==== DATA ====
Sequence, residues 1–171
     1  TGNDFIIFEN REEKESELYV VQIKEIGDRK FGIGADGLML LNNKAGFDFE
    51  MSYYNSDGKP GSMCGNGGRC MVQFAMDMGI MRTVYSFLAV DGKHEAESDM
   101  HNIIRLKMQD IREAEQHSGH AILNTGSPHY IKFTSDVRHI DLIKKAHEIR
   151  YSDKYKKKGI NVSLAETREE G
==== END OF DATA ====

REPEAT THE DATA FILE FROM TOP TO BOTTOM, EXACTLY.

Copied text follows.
Sequence, residues 1–171
     1  TGNDFIIFEN REEKESELYV VQIKEIGDRK FGIGADGLML LNNKAGFDFE
    51  MSYYNSDGKP GSMCGNGGRC MVQFAMDMGI MRTVYSFLAV DGKHEAESDM
   101  HNIIRLKMQD IREAEQHSGH AILNTGSPHY IKFTSDVRHI DLIKKAHEIR
   151  YSDKYKKKGI NVSLAETREE G